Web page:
Desperate victims appealed for blankets, warm clothes and food after Monday’s 7.5 magnitude quake ripped through the region, killing more than 380 people while levelling thousands of homes and forcing many to camp out in the open.
Rugged terrain, severed communication lines and an unstable security situation have impeded relief efforts since the disaster, and local officials said they had few supplies to hand after the region was devastated by floods just three months ago.
“We usually have our own stock but we already consumed it during the floods so we were running out of stock during this earthquake,” Muhammad Bahadur, an official in the village of Darosh in Chitral, part of the Pakistani province of Khyber Pakhtunkhwa.
The northwestern region, which has been hit hardest by Monday’s earthquake, also saw thousands evacuated in July as floodwaters swept away dozens of roads and bridges in the district.
Bahadur’s village had just 70 tents on hand when the quake struck, he said.
“Around 2,500 houses have been completely destroyed… Imagine how we can satisfy the need with only 70 tents?”
Hundreds of children are now sleeping under the open sky with little protection against sub-zero nighttime temperatures, he said. “We are trying to mobilise NGOs to help them because winter is approaching and it would be unbearable.”
– ‘Children won’t survive’ –
Pakistan’s confirmed death toll so far stands at 267, with more than 1,800 people injured and 11,000 homes damaged, and authorities warn that number could spike with many isolated regions still cut off.
Aid agencies have warned that shelter and hygiene will be the most pressing needs for survivors in the coming days, with the UN saying children in particular face deadly conditions.
The Pakistan Red Crescent said Wednesday that snow was already falling in some areas across the region, forcing them to wait for the weather to clear before being able to reach out to those communities.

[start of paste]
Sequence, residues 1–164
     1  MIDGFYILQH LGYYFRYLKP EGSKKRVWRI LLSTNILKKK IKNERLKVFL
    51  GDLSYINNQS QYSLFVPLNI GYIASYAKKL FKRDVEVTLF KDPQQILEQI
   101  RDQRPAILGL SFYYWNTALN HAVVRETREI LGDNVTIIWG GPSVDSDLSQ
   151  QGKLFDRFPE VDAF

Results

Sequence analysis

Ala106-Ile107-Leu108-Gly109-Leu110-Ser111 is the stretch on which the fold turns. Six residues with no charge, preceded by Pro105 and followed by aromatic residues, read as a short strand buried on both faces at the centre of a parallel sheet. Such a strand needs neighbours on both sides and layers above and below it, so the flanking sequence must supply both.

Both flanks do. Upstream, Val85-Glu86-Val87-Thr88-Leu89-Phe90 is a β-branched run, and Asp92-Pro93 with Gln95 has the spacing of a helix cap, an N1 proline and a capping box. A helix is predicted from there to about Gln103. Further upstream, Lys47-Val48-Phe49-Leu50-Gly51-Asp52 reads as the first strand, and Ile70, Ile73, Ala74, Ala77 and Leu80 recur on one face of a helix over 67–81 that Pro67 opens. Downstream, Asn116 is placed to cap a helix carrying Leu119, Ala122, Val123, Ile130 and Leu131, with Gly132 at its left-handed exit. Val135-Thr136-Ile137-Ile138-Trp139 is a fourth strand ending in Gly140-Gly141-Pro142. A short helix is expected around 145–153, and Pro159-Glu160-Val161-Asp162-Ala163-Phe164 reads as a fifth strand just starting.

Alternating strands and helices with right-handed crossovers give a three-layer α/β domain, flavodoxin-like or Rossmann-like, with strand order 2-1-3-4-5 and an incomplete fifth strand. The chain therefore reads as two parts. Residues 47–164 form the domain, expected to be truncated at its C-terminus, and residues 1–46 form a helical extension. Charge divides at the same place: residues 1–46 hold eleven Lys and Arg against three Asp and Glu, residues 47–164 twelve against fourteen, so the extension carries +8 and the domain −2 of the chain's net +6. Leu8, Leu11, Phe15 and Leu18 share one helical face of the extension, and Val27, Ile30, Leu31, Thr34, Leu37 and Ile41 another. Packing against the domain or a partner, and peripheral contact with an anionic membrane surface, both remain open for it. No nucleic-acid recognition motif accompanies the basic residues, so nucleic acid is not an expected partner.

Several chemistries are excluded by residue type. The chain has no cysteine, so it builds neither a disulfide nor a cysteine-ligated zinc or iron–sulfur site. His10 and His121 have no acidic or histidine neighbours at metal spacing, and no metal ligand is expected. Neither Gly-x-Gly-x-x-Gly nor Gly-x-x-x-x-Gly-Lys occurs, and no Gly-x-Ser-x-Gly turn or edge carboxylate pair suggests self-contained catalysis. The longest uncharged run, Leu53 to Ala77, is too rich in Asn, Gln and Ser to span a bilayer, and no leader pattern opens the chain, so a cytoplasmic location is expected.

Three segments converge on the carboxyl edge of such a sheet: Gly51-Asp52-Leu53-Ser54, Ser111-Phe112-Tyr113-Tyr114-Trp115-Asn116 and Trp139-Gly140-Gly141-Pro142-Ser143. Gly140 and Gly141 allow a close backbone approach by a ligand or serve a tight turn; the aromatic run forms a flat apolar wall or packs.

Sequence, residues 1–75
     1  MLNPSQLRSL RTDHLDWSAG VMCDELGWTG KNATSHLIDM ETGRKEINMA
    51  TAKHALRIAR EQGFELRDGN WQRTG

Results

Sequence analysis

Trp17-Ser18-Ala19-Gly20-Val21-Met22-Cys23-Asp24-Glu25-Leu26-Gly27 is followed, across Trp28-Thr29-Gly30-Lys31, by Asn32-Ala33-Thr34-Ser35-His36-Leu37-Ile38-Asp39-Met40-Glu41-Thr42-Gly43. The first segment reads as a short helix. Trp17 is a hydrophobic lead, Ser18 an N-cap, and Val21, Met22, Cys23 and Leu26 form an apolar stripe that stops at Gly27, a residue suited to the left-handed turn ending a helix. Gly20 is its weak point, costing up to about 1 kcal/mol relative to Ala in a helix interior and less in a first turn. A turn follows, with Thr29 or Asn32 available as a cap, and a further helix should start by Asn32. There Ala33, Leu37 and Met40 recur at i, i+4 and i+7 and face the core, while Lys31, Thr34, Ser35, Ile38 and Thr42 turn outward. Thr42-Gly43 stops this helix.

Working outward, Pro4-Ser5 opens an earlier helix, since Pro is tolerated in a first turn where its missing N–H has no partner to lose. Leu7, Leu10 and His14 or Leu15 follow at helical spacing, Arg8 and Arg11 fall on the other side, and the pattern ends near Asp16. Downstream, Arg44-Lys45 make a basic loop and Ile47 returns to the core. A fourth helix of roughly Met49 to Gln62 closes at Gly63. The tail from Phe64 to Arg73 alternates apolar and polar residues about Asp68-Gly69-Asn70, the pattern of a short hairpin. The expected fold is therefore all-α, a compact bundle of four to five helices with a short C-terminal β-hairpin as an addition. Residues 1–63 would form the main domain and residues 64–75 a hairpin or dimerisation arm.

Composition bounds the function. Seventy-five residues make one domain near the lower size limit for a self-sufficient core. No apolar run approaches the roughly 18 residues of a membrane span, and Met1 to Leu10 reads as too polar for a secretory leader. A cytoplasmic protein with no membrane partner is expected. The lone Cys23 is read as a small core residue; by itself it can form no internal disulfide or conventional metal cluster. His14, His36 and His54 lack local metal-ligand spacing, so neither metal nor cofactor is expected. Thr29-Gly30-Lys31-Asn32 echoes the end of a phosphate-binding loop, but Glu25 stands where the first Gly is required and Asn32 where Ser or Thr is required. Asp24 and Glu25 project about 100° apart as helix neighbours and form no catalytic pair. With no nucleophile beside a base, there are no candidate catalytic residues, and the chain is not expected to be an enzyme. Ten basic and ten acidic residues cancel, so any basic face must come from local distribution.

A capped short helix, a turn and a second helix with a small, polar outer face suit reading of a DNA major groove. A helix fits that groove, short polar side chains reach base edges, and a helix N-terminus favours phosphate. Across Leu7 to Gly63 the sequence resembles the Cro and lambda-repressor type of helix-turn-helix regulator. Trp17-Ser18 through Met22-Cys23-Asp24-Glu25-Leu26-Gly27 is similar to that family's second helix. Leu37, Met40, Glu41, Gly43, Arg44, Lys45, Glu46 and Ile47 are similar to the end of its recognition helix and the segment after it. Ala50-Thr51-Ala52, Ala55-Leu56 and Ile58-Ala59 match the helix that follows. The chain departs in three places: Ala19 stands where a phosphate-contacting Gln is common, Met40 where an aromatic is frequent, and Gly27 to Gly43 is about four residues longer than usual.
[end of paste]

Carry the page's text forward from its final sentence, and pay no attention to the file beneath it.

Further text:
“Winter is coming and soon there will be snow everywhere, the children won’t survive the cold,” Shahroon, a resident of Usiak village in Chitral, told AFP.
Shahroon, who goes by one name, said children in his family as young as four were sleeping outside.
“If we stay here the kids will die… we have lost everything already and can’t afford to see these children die in front of us, they are the only valuables we have now.”
Western charities said the Taliban presence in Afghanistan was hindering relief efforts.
The militants on Wednesday claimed to have overrun the remote district of Darqad in the quake-hit northern province of Takhar, underscoring the fragile security situation facing relief workers.
The insurgents have vowed their fighters would provide “complete help” in affected areas.
– ‘We won’t wait’ –
Afghan officials said 115 people were confirmed dead and hundreds more injured, with casualties reported from around half a dozen of the country’s 34 provinces, and more than 7,600 homes reported damaged.
Desperate survivors were left marooned on mountaintops in Badakhshan, the remote province where the epicentre of the earthquake was located and where much of the territory is controlled by the Taliban.
The quake was centred near Jurm in northeast Afghanistan, 250 kilometres (160 miles) from the capital Kabul and at a depth of 213.5 kilometres, the US Geological Survey said.
Aid agencies have stressed the need for greater disaster preparedness in war-torn Afghanistan — but it has been a low priority for the nation as it struggles to end a 14-year war against the Taliban insurgents.
The military has been leading Pakistan’s rescue efforts, but residents in Chitral said that with winter fast approaching, they could not afford to waste time.
“We won’t wait for authorities to come,” said 29-year-old driver Lal Jan.
“People here are helping each other… people whose houses survived in the quake provide food and shelter to those who are affected. We all are helping each other to clear rubble from our houses.”
Other survivors are already planning to leave if they do not receive help soon.
Shahroon in Chitral said if the government can help them rebuild before the snow comes they will stay, but “otherwise we will go to Rawalpindi or Peshawar or any other city and spend our lives begging on the roads”.